We’ll just agree to disagree (to a great degree!)

I met him a few weeks ago, in that café which had this strange ambience. The walls and tables possessed a graceless charm, the same clichéd pictures of revolutionaries and swing musicians who we’d both forgotten, but they did play some great music there. I liked the fact that it wasn’t genre-driven or a same old same old playlist. It kept shifting color like a person’s identity often does, first soft blue Sixpence None The Richer, then multi-hued avant-garde Mammal Hands, and then red straight edge Minor Threat, before something I’ve never heard before. And then something uncanny struck me. It paralleled his writing. But I was the one who chose the place! He’d never heard of it. And it shocked me when I saw him after five years. I knew a few dark places in my life myself and so I always read him, even though I didn’t necessarily contact or call. I always kept him at a distance. Something about his expression could set beautiful solid grey satin on fire and still make it look beautiful. But I was afraid of going near the flames. They just had to parallel his life. It couldn’t be anything else. But then he walks in, wearing a checked shirt and jeans, looking nonchalant, smiles and warmly shakes my hand. I didn’t know how to pry and get into his mind a bit. And a part of me wondered if I must. But as he sipped his coffee and talked about the music, it just burst out of me. “Everything you wrote, it’s true, isn’t it?” I asked, perhaps a little fiercely. And he smiled, and that convinced me. A breeze of relief coursed through each vein. Okay, so he’s definitely twisted, I thought and smiled back. But then he asked me something that caught me off guard. “Do you think the tortured artist is a myth?” and I responded, “I guess not, I’ve read you.” But then he said something that blew me away. “Did you really think I wrote confessionals, or was it some other torture that made me write something that only sounded like confessionals?” and I said, “You did tell people that things in your life weren’t working out, that you were flawed, that your memory fails, and wrote hate poems, grisly poems about death, ones about drug addiction, inscrutable ones, and poems that strangely sounded vaguely inspirational and yet too real.” And he looked at me, smiling though his eyes seemed a little distracted. “Did things not work out in my life? Yes, often. But the only drugs I took were under a prescription, and I haven’t seen death yet, and I’ll admit that there have been times when I’ve hated people. That’s only because they go on and on, trying to counter what I say with words just as acidic as mine, but strangely say that their lines are pure with no biases. And I tried getting the true confessional to stop having conversations in her head, the love poet who knew pain to stop suppressing it because sometimes there is no inspiration, the realist with an aphrodisiac passion to stop stereotyping people, the transcendentalist to give room for doubt, and the culturally sensitive feminist to stop and think. And so, I’ll admit that there was a going back and forth for a while, and it did get to me often, but then I got rid of them, and found myself. And as far as the torture is concerned, connect Van Gogh to William Cowper to Christina Rossetti to Emily Bronte and you might just find a thread. But then I realized that dogma needs unraveling, and that doesn’t take a day. But I slowly operated on the unconscious with the finest blade, unlike the scythe I used often when I wrote, and I guess some themes exist still, but I’ve realized that there is so much more to do than sitting, brooding with bloodshot eyes, smoking and provoking,” he said. “And what is there to do?” I asked him. “Well, I’m presented with two choices now. The first is to either go back to the country I once lived in. I guess it’s more idyllic than this place, and now that I’m older, I can meet a few people and keep writing. The second is to stay here and write about what really matters both for a blog and a newspaper that isn’t run by jingoists,” he said. “Do you really want to take the second route? You know what fighting them will cost you,” I said, a little stunned. “Well, some people bark the moment some fat Bob-head of a man delivers a post-apocalyptic speech with quasi-Christian tones, but you and I know how the real deal works. The slow monitoring; Big Brother slowly creeping in, and words backed by actions winning the educated morons with complete lack of insight, the post-colonial sycophancy creeping into the books published, and the legalism that the knowledgeable idiot loves: raising cigarette prices, closing bars in the name of bringing back worship, banning meat of a particular kind that a minority eats, and the blood that a false rain washes away just quickly and swiftly, the peace ties with other nations so that there is no reaction once the system is in place, and the macro-level elimination of corruption of only the opposition, but the micro-level stain that haunts even when I have to renew a Passport. So what do you think?” he said, smiling. “You’ll be fighting a Winston Smith war,” I said, and he said, “Yes I am afraid. Often terrified, but Room 101 might just save me in the end!” And I got up, shook his hand and said, “Count me out. I have a wife and a son!”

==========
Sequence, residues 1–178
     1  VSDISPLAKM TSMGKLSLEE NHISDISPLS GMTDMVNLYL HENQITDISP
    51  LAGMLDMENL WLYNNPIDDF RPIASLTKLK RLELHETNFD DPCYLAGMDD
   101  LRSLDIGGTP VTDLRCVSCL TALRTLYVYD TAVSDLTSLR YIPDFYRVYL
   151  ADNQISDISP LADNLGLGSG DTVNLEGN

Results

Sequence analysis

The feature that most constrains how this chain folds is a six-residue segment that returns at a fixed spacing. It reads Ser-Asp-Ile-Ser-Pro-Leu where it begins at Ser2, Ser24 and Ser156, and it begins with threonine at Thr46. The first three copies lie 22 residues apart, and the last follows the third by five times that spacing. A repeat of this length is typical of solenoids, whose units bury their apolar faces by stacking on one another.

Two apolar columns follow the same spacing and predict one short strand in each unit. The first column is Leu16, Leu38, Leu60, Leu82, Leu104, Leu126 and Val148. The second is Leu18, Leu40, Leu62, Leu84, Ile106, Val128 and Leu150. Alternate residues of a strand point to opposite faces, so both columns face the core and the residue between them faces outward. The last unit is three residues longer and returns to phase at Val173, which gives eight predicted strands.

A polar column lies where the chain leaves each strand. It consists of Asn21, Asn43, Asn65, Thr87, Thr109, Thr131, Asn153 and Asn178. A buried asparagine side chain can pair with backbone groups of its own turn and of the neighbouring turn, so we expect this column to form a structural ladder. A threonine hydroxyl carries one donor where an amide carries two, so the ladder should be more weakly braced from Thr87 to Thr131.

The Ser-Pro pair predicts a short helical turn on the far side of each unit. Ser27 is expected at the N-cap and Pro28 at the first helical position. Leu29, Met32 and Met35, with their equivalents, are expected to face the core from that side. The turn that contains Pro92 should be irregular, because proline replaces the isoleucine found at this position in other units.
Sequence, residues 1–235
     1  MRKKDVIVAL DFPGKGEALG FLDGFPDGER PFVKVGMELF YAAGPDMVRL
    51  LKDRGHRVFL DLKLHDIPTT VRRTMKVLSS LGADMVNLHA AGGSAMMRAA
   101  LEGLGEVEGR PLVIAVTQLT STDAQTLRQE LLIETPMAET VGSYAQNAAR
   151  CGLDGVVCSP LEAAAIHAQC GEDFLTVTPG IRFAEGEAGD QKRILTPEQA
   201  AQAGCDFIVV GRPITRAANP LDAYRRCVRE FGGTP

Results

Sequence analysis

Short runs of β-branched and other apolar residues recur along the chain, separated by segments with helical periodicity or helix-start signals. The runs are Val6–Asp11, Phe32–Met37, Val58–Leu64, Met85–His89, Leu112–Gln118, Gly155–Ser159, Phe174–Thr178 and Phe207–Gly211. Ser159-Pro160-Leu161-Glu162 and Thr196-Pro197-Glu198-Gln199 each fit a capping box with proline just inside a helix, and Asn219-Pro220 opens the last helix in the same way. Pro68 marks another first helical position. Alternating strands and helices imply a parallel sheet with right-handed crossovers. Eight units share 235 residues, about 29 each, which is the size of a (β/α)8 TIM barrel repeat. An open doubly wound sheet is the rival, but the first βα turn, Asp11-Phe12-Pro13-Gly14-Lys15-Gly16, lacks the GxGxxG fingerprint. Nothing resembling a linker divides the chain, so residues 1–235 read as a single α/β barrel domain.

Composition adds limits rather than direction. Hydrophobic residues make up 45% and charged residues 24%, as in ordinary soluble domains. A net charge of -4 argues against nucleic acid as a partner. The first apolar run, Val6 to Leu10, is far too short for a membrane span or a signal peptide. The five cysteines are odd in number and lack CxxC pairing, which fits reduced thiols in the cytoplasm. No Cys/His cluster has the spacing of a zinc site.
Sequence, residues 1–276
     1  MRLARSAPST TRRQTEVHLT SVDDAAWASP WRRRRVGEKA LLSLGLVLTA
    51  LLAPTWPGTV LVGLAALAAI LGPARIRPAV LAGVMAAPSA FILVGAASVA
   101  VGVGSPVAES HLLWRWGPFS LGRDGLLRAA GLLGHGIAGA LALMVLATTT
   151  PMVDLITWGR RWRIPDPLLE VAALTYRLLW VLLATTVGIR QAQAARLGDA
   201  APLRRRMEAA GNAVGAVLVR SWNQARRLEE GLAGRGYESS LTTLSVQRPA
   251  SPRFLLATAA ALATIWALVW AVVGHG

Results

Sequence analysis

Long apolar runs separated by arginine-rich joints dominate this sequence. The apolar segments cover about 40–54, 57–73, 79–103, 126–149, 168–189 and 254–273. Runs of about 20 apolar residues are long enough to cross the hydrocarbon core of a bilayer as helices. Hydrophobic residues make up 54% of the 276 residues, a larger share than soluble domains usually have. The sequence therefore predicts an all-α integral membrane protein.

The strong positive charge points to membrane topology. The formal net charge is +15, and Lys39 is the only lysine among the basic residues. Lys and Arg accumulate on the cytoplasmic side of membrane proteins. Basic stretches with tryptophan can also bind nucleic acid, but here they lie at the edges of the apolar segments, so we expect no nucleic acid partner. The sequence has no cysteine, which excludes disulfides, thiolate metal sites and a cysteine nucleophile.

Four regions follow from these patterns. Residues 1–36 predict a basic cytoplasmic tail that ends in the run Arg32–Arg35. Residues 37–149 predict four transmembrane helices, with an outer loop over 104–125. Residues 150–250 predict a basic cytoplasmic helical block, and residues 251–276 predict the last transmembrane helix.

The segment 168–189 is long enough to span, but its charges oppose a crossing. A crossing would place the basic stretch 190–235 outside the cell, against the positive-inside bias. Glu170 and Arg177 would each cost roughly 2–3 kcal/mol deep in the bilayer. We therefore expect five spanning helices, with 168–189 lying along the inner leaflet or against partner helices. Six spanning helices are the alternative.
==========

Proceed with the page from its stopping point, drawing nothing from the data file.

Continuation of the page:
© Nitin Lalit Murali (2017)

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6 responses

      • I’ve realised that prose is so much harder to write than poetry. At least that’s the way it is for me. Prose takes a lot of intent, clarity in thought and purpose to hold the plot tight right through. And you do it really well. I wish I was even half as close to what you can do.

      • When I first broke through as an artist here on WP two years ago, I wrote prose. Prose is my strong suit. Poetry is just something I do, and I’m not really that fond of it because it often ends up being provocative, or too depressing. Prose allows me to step into a nice comfortable zone and just be myself. And thank you very much.